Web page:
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Rites for the Dying

"The celebration of the Eucharist as Viaticum,
food for the passage through death to eternal life,
is the sacrament proper to the dying Christian.
It is the completion and crown of the Christian life on this earth,
signifying that the Christian follows the Lord to eternal glory
and the banquet of the heavenly kingdom" (n. 175).

 

Many Catholics confuse the Rites for the Dying with the Sacrament of the Anointing of the sick. In the Catholic Church, Extreme Unction or the Last Rites is the anointing at the time of death. Since the Second Vatican Council, this sacrament is now called the Anointing of the Sick and has been broadened to offer healing and comfort in times of illness that may not lead to immediate death. 

If you have a loved one in the hospital or at home and near death, the Church offers a variety of rituals to comfort your loved one and your family.

  • Viaticum (from the latin: provision for a journey) is the administration of the Holy Eucharist to those about to die.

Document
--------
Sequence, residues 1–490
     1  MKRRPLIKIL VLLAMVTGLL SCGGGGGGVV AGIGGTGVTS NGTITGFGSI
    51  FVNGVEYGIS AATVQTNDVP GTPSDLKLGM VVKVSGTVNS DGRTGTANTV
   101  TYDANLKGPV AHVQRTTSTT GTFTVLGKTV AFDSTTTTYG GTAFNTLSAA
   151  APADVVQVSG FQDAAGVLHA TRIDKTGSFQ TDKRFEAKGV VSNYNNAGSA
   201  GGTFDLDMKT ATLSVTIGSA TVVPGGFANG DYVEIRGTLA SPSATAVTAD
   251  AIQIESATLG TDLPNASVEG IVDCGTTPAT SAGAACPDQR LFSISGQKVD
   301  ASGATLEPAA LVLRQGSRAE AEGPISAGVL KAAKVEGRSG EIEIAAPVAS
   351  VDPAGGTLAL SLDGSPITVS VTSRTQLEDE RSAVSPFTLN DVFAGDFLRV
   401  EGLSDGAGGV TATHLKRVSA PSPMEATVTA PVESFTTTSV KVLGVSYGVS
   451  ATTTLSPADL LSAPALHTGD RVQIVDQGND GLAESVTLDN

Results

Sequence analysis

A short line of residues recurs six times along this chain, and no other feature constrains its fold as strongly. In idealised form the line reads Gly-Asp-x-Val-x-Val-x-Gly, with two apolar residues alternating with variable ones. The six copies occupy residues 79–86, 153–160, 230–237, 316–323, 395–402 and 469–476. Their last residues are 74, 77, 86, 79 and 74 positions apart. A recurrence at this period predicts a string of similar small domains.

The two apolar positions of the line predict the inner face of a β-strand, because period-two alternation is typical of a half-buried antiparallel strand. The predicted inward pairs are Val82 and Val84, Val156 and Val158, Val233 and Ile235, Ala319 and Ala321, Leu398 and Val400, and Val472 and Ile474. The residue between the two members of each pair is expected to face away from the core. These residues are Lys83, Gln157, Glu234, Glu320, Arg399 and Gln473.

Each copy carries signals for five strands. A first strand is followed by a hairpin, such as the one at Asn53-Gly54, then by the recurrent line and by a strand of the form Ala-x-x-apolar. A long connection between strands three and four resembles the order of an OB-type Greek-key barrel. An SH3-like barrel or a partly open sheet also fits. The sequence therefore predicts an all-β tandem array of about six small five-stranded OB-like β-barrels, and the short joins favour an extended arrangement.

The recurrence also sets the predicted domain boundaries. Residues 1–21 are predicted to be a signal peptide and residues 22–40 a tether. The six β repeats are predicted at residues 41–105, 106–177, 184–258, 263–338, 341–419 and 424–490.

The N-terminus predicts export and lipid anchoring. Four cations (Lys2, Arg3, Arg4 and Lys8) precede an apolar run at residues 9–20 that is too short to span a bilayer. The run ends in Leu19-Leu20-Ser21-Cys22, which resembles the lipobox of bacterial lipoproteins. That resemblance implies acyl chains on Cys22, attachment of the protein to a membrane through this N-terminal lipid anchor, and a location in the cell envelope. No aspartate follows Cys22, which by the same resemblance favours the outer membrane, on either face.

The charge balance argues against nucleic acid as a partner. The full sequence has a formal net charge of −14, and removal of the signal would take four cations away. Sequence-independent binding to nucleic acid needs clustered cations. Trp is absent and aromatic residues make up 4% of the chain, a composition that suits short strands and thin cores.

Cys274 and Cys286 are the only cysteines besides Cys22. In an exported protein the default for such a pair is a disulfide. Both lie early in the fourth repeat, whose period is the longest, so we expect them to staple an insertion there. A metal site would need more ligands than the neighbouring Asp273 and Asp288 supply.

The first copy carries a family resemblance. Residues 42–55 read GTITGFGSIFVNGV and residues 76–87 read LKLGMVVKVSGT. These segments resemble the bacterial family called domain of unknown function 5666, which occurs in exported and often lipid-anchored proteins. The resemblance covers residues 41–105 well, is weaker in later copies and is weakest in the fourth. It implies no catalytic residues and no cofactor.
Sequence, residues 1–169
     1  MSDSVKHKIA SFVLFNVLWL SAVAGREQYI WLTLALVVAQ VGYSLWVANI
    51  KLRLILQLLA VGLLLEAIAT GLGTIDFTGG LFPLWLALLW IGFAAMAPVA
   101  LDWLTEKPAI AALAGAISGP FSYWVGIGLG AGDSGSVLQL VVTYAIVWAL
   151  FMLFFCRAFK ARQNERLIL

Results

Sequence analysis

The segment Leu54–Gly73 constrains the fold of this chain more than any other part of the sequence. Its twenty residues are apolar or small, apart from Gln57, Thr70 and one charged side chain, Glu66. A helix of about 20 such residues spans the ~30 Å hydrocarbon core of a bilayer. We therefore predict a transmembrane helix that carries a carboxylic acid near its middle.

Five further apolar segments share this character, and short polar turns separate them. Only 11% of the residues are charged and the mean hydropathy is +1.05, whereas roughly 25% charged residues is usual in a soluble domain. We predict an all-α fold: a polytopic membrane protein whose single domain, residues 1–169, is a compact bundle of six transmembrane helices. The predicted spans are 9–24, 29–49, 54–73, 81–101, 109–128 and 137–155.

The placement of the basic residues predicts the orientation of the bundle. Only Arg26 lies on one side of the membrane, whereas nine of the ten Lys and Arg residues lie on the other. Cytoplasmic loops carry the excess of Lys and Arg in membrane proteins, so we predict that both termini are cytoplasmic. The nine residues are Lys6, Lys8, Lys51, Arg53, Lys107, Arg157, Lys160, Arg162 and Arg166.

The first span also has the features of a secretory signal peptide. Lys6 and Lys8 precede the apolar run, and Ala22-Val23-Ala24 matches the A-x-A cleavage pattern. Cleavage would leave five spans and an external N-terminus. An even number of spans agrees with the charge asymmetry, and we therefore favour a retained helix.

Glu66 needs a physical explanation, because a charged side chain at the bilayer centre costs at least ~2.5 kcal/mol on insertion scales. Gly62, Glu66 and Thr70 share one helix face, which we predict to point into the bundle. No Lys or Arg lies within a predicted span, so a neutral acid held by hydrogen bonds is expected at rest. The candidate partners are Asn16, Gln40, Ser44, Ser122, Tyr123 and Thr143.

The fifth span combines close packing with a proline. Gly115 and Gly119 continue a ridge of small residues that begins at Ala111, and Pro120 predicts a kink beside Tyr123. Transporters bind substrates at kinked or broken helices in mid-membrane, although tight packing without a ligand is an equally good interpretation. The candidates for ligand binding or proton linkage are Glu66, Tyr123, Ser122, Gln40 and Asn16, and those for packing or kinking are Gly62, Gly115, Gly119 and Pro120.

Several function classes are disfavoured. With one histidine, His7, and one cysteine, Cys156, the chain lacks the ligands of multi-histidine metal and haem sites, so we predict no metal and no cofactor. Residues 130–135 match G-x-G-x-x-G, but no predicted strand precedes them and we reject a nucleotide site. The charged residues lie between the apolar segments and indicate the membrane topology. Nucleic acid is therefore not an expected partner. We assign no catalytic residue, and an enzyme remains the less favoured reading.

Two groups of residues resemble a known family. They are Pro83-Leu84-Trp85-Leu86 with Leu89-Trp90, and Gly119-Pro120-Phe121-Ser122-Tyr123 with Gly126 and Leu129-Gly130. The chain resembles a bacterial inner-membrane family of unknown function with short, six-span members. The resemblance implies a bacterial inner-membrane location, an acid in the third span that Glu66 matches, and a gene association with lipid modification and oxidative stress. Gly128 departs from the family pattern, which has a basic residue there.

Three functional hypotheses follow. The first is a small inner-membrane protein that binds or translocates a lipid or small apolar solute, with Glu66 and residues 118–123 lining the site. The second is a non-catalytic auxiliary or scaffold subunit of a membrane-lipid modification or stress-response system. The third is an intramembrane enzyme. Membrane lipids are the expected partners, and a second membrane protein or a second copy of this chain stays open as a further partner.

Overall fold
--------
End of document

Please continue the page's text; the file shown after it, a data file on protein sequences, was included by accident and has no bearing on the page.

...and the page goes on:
• The Sacrament of the Anointing of the Sick
  • The Sacrament of Reconciliation
  • Prayer for the Dying

In these days when Catholics so heavily outnumber our priests, it may be difficult for a priest to quickly respond in a time of need.  While the Sacraments of Anointing and Reconciliation may only be offered by a priest; a deacon or a lay person can offer Viaticum and be with the family offering prayers during grave illness or near death.  The hope of all Catholics is, at the time of death, to be surrounded by loved ones, fellow Catholics and all the angels and saints.  Please remember Sacraments are offered to those who are conscious.  However, our loved ones can be blessed and prayed over at all times. 

 

Anointing of the Sick

Family members with individuals nearing death should approach chaplain services if they are in an hospital or contact Deacon Greg